Thursday, July 17, 2008

Long Article About PKD in London Review of Books

The London Review of Books has a long article on PKD in their July 3 issue and now it's available online here. Is it the article we've all been waiting for, the one that corrects all the commonly-repeated inaccuracies from the other articles, the one that finally and ultimately gets PKD, the one that finally explains him so that everybody will love his work as much as we do?


Stephen Burt, the article's author, seems to be operating under the assumption that Emanuel Carrere's I Am Alive and You Are Dead: A Journey into the Mind of Philip K Dick is a legitimate biography (it's a good read but it's not a biography as biographers generally avoid inventing facts out of whole cloth). Stranger still, Burt doesn't even mention Sutin's biography. But he's read Kim Stanley Robinson's doctoral thesis on PKD (or paid someone to tell him what it was about) and I think he's read at least a couple of PKD's books, so he's perhaps got a cleaner lens than Gopnik.

Here's some excerpts from the interview (setting snark to 'minimum'):

"Dick said near the end of his life that he was ‘into power’: ‘Instead of society moulding me,’ he claimed, ‘I mould it.’"

When did he say this and why is he spelling mold with a 'u'? (Yes I know it's a British spelling and it's a British article, but Dick was, er, American - shouldn't the writer be honoring the quotee's spelling habits - or has British imperialism extended to changing spellings within quotation marks?) Does that sound like PKD to you? If anybody has a source for this quote please let me know. Perhaps the spelling is a clue to the source: maybe it's an audio recording transcribed by Burt or someone else on that side of the pond.

Burt continues:

"His late belief in his own visionary importance puts into new, sad light the schlubby repairmen, newspaper-puzzle obsessives and helpless Organisation Men in Dick’s earlier works: these little people stuck in large systems, with their frustrated hopes and their cartoonish (mostly bad) sex lives, align Dick less with other SF writers than with other mordant Californian satirists, such as Nathanael West."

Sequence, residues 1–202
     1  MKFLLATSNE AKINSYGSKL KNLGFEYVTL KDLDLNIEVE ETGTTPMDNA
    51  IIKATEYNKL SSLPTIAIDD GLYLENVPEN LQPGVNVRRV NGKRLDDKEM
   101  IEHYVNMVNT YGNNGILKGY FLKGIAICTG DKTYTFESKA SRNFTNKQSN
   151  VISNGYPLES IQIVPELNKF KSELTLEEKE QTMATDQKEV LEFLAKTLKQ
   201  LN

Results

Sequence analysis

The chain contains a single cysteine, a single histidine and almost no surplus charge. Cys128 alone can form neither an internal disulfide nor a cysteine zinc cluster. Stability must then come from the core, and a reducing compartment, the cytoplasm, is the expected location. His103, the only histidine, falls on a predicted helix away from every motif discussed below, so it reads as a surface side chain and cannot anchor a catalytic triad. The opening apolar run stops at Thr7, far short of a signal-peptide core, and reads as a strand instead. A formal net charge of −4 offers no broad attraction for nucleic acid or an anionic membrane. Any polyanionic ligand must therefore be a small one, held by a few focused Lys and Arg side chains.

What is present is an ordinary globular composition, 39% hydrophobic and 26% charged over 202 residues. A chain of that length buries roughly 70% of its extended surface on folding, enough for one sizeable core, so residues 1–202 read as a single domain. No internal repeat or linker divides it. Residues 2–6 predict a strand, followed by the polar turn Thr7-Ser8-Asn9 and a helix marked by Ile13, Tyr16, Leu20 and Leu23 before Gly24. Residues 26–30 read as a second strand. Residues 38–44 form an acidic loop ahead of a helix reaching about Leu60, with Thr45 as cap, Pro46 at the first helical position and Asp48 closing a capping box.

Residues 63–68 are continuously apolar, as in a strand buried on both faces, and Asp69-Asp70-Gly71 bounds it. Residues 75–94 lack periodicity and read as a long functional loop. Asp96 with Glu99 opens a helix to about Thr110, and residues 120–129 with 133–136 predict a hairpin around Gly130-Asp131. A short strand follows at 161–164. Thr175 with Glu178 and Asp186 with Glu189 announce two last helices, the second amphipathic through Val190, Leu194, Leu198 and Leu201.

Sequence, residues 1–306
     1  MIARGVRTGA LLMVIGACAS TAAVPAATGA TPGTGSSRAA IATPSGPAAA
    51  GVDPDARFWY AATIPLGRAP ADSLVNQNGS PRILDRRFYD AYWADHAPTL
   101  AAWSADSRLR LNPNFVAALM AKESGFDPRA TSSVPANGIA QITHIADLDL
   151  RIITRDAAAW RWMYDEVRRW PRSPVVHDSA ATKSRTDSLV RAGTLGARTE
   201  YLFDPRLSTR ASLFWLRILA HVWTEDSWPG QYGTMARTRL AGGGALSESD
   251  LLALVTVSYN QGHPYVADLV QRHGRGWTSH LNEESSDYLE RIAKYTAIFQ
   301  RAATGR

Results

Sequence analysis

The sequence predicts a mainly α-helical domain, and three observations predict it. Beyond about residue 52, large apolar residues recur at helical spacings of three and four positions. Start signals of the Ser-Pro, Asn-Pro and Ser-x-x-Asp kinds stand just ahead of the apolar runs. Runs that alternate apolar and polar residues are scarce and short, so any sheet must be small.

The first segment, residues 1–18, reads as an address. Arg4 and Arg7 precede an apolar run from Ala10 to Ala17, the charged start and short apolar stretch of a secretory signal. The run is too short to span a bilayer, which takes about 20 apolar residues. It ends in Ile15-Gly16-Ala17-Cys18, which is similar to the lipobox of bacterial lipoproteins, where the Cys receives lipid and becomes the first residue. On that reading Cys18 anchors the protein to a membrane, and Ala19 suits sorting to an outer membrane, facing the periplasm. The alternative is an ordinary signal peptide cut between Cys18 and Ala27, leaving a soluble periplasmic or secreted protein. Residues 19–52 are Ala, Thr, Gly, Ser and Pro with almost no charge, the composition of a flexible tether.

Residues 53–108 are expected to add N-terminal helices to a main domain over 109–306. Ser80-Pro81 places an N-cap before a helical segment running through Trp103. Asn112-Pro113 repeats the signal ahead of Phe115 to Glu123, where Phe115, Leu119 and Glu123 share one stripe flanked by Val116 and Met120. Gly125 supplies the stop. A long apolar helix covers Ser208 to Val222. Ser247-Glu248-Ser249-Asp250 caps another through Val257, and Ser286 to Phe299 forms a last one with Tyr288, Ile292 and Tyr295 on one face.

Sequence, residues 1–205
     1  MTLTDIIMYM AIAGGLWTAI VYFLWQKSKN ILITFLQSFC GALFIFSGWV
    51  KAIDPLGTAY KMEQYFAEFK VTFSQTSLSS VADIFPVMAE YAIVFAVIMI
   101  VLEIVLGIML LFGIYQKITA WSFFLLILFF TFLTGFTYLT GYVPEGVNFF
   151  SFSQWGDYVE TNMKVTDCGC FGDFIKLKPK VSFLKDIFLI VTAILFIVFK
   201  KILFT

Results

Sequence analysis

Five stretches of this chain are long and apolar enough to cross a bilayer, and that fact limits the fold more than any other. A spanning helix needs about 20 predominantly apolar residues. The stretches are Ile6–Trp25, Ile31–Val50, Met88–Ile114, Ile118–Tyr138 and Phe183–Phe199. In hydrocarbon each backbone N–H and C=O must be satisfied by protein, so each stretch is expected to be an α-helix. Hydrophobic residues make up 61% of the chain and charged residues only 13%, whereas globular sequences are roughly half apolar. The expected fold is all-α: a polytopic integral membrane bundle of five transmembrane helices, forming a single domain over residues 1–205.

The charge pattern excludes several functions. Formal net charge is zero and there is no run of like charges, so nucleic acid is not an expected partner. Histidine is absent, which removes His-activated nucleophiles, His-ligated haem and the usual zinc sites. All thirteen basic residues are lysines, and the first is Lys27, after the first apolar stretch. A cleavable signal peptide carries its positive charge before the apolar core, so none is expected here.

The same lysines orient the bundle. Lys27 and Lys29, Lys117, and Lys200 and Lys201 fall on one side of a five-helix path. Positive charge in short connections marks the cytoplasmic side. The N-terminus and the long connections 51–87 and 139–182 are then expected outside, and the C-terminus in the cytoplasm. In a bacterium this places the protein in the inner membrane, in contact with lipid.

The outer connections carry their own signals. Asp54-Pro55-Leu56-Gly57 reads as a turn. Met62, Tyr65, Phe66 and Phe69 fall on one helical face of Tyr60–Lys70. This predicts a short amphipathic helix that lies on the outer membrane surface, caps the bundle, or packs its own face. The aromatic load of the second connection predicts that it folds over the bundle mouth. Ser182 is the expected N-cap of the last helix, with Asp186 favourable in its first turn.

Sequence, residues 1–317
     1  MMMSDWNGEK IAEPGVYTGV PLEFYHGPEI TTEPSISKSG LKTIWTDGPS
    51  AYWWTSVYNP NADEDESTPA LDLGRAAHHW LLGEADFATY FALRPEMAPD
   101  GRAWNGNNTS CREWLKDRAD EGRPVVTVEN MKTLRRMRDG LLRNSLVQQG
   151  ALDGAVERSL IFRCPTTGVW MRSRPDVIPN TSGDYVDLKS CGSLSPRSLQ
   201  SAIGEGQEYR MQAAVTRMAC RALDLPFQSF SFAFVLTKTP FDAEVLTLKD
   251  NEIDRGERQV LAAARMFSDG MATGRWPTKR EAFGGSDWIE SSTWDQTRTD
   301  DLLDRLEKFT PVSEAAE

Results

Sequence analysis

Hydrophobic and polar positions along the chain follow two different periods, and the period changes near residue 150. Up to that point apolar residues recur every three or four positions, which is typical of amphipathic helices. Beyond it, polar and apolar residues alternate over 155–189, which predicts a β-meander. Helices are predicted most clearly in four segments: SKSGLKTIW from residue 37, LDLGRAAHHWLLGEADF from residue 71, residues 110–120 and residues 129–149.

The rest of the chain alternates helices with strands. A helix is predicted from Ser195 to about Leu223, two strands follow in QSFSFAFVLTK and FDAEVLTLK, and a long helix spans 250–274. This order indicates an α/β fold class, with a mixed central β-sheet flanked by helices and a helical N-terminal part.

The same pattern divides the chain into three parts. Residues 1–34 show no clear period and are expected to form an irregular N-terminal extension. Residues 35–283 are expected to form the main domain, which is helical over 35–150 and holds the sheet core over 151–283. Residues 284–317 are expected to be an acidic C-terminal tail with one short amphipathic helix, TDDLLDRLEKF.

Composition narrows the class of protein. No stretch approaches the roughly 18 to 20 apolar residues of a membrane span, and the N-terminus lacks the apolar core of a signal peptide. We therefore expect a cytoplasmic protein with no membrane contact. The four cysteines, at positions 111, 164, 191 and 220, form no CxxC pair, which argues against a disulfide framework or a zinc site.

Now, really, I am not trying to be a dickhead, but how does the logic in this sentence work? How does Dick's own belief in his own "visionary importance" caste a sad light on the characters in his books (and what about PKD's skepticism about his authenticity as a 'visionary'?). I guess you can say his experiences caste his characters in a pink light, but, seriously, what's so sad about it?

Thank you for comparing PKD's work to Nathanael West's - it's perhaps the most apt literary comparison and one many other writers have failed to make.

Burt continues:

"Dick should be placed close to psychoanalysis, too: not so much the kind Freud practised, but the kind that coated American popular culture in the years Dick started to write. His characters wonder whether they count as neurotic or psychotic, whether they are sufficiently masculine or feminine, whether they should see a specialist about their complexes. By far the most important psychiatric label in Dick’s work is ‘paranoid’: his protagonists wonder whether someone or something is manipulating all they see. Usually the answer is ‘yes’: Dick’s characters must detect ‘the enemy, with its infiltrating tactics, its systematic contamination of institutions . . . of the domestic life itself’. That enemy may be a phalanx of telepaths and precognitives employed in corporate espionage (Ubik); a squad of doppelgangers from alternative timelines (Now Wait for Last Year); drug-enforcement agents whose high-tech ‘scramble suits’ make them unrecognisable even to one another (A Scanner Darkly); or androids who pass for human (almost every book). Such plots draw at once on the Red Scare mentality – anyone might be a secret Communist, and any Communist a double agent – and on what Dick knew of clinical mental illness."